What’s also slighty worrying me is if I need a little bit of further training or guidance once I’m back who do I approach and will they be welcoming or frown upon me for going to Spain?

I’m not trying to disagree or upset anyone here just explaining my experience of flying so far.

Just go for it and gain as much experience as you can. Weather permitting you will have an amazing few days and will have learnt loads. It will at least give you a taster and the enthusiasm to continue your journey in the sport back here. Good luck and enjoy.

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Had my training with sky school over  ten years ago ,one week in mere and one week in Spain, weather was brilliant in mere and in Spain and a great deal of time in the class room so much so I thought why are we not out in the field flying when the sun is shining, but as mentioned above its all  about making the right decisions to keep yourself safe, yes you need the skills to fly. But  knowing what to do and when to do it is far more important ,clippings in and checking your kit ,and that is first learnt in the class room ,when to fly and when to stay on the ground.70 percent is ground school, 30 percent flying. Once your flying with all that schooling, you can go to the field and fly safely. Then you can get yourself 100 percent flying, but never put the cart before the horse, start your training in the uk, then think about flight time in Spain . Just my thoughts worked for me. 

 

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Is it possible that Simon only comes in to contact with the Foreign studeents who have not been able to gain suitable training.

I suppose the question is; 

Is there anyone out there who has had a positive experience from foreign training?

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1 hour ago, Yogi said:

Is it possible that Simon only comes in to contact with the Foreign studeents who have not been able to gain suitable training.

I suppose the question is;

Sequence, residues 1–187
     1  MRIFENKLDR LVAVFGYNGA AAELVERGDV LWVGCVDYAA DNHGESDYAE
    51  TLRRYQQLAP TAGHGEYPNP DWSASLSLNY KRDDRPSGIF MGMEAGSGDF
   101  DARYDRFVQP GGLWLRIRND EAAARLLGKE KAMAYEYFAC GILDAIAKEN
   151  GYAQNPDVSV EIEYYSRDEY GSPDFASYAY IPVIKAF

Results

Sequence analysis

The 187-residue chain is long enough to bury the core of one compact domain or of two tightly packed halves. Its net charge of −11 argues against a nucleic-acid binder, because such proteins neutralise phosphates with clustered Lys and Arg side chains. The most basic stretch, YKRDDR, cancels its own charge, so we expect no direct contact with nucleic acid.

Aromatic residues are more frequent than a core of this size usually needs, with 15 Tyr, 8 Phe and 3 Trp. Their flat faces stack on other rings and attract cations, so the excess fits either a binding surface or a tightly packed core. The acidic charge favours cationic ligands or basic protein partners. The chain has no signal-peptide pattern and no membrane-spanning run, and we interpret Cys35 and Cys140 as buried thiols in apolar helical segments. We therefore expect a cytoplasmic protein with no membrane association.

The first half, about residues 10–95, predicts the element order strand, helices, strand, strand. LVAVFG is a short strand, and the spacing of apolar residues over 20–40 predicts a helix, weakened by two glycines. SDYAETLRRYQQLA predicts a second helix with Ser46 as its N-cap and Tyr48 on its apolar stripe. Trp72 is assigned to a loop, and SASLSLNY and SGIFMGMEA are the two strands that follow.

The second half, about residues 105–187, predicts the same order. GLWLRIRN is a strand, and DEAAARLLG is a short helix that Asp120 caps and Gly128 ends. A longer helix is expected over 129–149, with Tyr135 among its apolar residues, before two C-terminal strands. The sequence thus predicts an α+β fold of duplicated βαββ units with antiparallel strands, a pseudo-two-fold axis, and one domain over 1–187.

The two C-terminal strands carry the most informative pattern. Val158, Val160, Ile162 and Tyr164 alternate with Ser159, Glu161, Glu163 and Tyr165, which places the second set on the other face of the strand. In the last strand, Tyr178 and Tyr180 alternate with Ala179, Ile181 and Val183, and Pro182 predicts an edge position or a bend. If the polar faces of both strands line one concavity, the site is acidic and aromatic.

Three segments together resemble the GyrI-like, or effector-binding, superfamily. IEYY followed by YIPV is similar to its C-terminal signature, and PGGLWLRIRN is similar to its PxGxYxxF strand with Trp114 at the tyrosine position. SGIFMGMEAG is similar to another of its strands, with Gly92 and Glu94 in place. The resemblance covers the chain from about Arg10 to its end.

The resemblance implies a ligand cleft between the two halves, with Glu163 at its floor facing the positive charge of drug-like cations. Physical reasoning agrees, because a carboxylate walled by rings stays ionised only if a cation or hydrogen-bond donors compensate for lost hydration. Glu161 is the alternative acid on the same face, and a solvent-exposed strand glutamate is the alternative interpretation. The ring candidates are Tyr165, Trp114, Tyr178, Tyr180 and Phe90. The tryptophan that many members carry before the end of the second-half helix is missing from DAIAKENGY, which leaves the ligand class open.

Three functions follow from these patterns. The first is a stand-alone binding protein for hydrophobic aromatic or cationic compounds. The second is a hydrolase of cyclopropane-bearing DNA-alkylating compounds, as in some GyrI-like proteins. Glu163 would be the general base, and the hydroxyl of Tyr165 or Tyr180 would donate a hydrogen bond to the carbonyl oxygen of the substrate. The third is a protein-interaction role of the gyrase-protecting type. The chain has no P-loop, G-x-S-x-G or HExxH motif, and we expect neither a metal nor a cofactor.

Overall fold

Is there anyone out there who has had a positive experience from foreign training?

Yes me!

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So I'll add my 2c.

I did a paragliding course in 2000 with an outfit that I thought looked reputable but turned out to by an association with 2 members passing themselves off as a national body.

Attempts to get solid information about paramotoring from various 'experts' at the time gave me as many contrary opinions as there were experts. It seems the nature of the hobby to attract 'mavericks'.

One expert would tell me to buy X, and high hangpoints are the only way to go. The next would tell me never to buy X, and high hangpoints will kill you.

After a bit of research, I frankly gave up - the sport was simply full of opinionated people with no evidence other than personal experience to back up anything they said.

6 years later, in 2006 it seemed to be a bit more settled.. only a bit mind.. the BHPA still pretty much had nothing to do with PPG - still pushing the learn to PG first, and go from their route, but PPG instructors were rarer than hens teeth, and they all expected you to have your own equipment AND pay a fortune up front for no good reason.

That and having experienced weekend after weekend trecking 4 hours each way up to the Yorkshire Dales to maybe...one weekend in 3..get 1/2 a day or so on the hill flying, made me determined to not go through all that crap again.